Friday, January 21, 2011

Why are all those Shelby Mustangs and Cobras worth so much at Barrett-Jackson? The story of Carroll Shelby

For the better part of the weekend, I’ll have my TV glued to the Barrett-Jackson Collector Car Auction in Scottsdale, Ariz. This is a similar to the Mecum auction held in Kansas City’s Bartle Hall earlier this month, but the eyes of the collector car world tend to focus on this big dollar dog & pony show.

One name that pops up regularly, both at our auction and the event in Scottsdale, is “Shelby”. It’s almost like every other car is either a Shelby Mustang, a Shelby Cobra, or some kind of fake Shelby (the experts like to call these “tributes”, “clones”, or “recreations”, but let’s just call a spade a spade here). And one thing you quickly realize when watching these events is that tacking that word to a car is similar to selling it with a briefcase full of money in the trunk. Shelby cars tend to bring the big bucks. But why? What makes a Shelby Mustang, for example, worth exponentially more than a basic Mustang? What is the appeal?

Well, for one thing, you’re not just buying a car. You’re buying a piece of the legend of Carroll Shelby. One America’s early performance pioneers, Shelby’s reputation has snowballed into that of an otherworldly deity of sorts. A master of self-promotion, Shelby has grown his success on and off the track into a cultural phenomenon.

In the 1950s, Shelby was a racer. He was good enough behind the wheel to find success in sports car and open-wheel racing. His crowning achievement as a driver was most likely his 1959 win in the 24 Hours of Le Mans driving a Maserati.

But Shelby’s real claim-to-fame came as a car builder. It all started in the early 1960s, when Henry Ford II made it his personal quest to dominate Ferrari on the racetrack. Ford tried unsuccessfully to purchase Ferrari, and the negotiations between Ford II and the dictatorial Enzo Ferrari fueled a fierce rivalry.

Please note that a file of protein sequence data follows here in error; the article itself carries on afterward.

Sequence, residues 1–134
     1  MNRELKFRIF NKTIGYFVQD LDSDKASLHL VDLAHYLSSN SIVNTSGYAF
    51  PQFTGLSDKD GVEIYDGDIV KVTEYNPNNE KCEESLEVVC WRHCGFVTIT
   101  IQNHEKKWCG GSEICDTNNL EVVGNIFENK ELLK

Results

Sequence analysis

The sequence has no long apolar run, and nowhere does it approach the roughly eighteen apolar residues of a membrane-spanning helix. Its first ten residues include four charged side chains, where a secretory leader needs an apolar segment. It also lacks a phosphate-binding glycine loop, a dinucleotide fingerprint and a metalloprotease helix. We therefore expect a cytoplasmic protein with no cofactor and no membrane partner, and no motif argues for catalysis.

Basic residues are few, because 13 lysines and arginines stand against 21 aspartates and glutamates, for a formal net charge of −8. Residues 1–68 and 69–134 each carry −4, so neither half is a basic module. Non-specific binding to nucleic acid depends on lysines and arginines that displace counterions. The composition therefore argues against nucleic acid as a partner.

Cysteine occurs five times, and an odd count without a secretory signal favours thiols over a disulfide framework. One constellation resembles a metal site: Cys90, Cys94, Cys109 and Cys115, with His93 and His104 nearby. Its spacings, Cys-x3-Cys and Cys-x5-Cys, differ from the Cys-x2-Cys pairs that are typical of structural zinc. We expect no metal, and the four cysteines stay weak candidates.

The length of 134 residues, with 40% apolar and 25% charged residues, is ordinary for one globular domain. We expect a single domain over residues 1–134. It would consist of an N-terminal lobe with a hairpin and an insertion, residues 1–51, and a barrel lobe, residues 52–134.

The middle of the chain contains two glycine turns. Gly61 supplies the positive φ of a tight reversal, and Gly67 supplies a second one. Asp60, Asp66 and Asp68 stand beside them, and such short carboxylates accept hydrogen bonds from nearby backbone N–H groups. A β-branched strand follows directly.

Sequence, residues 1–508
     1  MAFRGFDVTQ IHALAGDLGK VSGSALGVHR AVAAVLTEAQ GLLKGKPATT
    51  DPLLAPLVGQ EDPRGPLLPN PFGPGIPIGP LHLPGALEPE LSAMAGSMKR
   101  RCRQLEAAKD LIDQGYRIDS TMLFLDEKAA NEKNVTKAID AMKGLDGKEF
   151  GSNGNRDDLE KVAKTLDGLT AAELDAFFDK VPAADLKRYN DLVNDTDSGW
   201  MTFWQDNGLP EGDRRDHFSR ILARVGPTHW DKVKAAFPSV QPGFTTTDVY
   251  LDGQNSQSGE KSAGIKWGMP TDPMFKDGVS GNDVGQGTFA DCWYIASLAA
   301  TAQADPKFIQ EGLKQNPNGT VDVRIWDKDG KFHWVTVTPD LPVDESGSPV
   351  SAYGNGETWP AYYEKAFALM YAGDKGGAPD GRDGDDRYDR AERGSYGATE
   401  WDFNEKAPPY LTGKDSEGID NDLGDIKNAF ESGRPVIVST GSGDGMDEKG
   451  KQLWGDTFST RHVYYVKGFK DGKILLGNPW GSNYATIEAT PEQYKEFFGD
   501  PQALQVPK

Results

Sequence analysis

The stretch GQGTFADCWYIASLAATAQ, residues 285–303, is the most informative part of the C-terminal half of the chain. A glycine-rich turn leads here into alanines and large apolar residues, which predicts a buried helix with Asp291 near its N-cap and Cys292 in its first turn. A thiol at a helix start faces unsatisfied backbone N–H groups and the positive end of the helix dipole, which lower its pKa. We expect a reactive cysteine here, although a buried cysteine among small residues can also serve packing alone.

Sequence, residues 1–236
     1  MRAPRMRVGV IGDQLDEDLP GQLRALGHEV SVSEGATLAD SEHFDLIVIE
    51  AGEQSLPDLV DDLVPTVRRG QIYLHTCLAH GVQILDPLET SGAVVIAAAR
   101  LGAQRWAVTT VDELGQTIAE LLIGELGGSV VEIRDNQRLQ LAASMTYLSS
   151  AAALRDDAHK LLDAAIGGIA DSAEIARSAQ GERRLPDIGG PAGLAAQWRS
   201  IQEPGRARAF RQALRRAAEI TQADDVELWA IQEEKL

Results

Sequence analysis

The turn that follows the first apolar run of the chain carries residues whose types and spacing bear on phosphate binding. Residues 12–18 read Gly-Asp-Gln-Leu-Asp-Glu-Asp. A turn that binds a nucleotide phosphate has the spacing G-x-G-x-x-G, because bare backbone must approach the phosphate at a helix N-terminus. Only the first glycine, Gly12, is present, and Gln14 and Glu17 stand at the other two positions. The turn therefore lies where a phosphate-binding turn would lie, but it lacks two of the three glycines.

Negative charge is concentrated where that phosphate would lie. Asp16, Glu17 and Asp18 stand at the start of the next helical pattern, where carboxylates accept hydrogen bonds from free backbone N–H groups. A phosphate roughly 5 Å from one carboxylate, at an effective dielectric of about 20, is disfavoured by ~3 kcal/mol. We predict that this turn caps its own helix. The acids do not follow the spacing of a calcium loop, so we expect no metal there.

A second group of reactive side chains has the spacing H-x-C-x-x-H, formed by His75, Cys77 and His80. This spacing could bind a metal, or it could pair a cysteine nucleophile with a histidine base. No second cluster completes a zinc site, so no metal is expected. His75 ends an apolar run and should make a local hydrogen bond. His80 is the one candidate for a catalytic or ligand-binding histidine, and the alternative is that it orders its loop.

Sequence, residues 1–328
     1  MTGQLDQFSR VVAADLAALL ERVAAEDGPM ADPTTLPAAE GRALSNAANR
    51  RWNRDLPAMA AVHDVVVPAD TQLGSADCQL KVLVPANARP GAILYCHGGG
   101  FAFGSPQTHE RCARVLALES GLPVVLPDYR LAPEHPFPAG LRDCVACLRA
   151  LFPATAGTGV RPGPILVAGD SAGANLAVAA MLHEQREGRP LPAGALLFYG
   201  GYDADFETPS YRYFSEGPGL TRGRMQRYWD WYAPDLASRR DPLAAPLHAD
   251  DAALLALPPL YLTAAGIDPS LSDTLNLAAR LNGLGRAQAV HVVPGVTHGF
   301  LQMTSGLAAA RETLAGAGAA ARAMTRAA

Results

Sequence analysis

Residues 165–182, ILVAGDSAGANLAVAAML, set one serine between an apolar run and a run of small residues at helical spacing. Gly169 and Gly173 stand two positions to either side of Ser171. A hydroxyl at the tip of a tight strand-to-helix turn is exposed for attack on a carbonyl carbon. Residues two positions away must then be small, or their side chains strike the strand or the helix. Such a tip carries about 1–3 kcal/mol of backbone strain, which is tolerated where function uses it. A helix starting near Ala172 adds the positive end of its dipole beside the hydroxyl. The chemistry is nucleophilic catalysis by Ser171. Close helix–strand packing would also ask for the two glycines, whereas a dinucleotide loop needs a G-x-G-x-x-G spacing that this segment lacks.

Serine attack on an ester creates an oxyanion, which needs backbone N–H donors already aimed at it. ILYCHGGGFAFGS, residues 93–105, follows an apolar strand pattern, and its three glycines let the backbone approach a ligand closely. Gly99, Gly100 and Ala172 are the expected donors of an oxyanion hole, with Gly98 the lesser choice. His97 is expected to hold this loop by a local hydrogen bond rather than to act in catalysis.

The Ford GT40, which competed against Ferrari at Le Mans, was a trouble-prone machine with plenty of hidden potential. Early on, Ford could not beat Ferrari, despite their best efforts. But when Carroll Shelby was hired to iron out the kinks, things changed dramatically. To Ford’s delight, Shelby transformed the GT40 into one of the most formidable machines ever to hit a race track, virtually obliterating the competition from 1966 to 1969.

Meanwhile, Shelby was working on the car that would seal his name in racing lore—the Cobra. Shelby wanted to build a car that would be competitive with Corvettes and Ferraris in the GT III class of the FIA.

A small two-seater built by the English company AC Cars, became the target of Shelby’s ambitions. AC had lost the contract to put the modest six-cylinder engine built by Bristol into their little sports cars, so Shelby used this opportunity to use them for his own demented purposes. Ford’s lightweight new 289-c.i. V8 was eventually selected to power the newly named Cobra, and after struggling through a few teething problems, the feather light sledgehammer became a fierce competitor on the track.

In 1964, a 427 was fitted into a Cobra racecar, and Cobras eventually won at nearly every significant venue, beating out Ferrari for several championships along the way.

All of the success with the GT40 and the Cobra led to the construction Ford-contracted Shelby Mustangs to run in the SCCA B-Production Class, as well as a line of beefed-up Shelby Mustangs for the street. Shelby Mustangs were built up-to the 1969 model year, and these are the cars we typically see during these collector car auctions.

In the following years, the Shelby name has been applied to more than just Mustangs. In the 1980s, Chrysler made several cars that had vaulted Shelby performance enhancements. Even the Dodge Viper benefited from Shelby's influence. Shelby American has also made their own cars over the years, including later-model iterations of the 427 Cobra.

But in the end, it is Ford’s Pony Car that is still associated with the Shelby name. Even today, Ford’s Shelby GT 500 and GT 500 KR not only have stripes and styling cues that hearken back to the original Shelby Mustangs, but Ford claims that the man himself had a say in some of the performance aspects of the car.

At 88-years-old, and in spite of health problems that have included a full heart transplant, Carroll Shelby continues to be the face for Ford’s extreme performance cars. And judging by the response his cars received at the auction this weekend, the Shelby name will be synonymous with top dog Mustangs for years to come.

The slideshow below has all kinds of pictures from Shelby's racing and product history.  Many are from the Ford Motor Company media archives.  You've seen some, maybe not others, but they're all pretty interesting.  One thing's for sure, Carroll Shelby has posed by many a car in his day.  Enjoy.

Portions of this article previously published on the Examiner.


  1. Not to be forgotten: Mr. Shelby's brief work with Chrysler in the early '80s resulting in this car among others.

  2. No it's not my car, although I am acquainted with it and the owner, through HPAC, the Kansas City Chrysler club.

    I wish it was my car!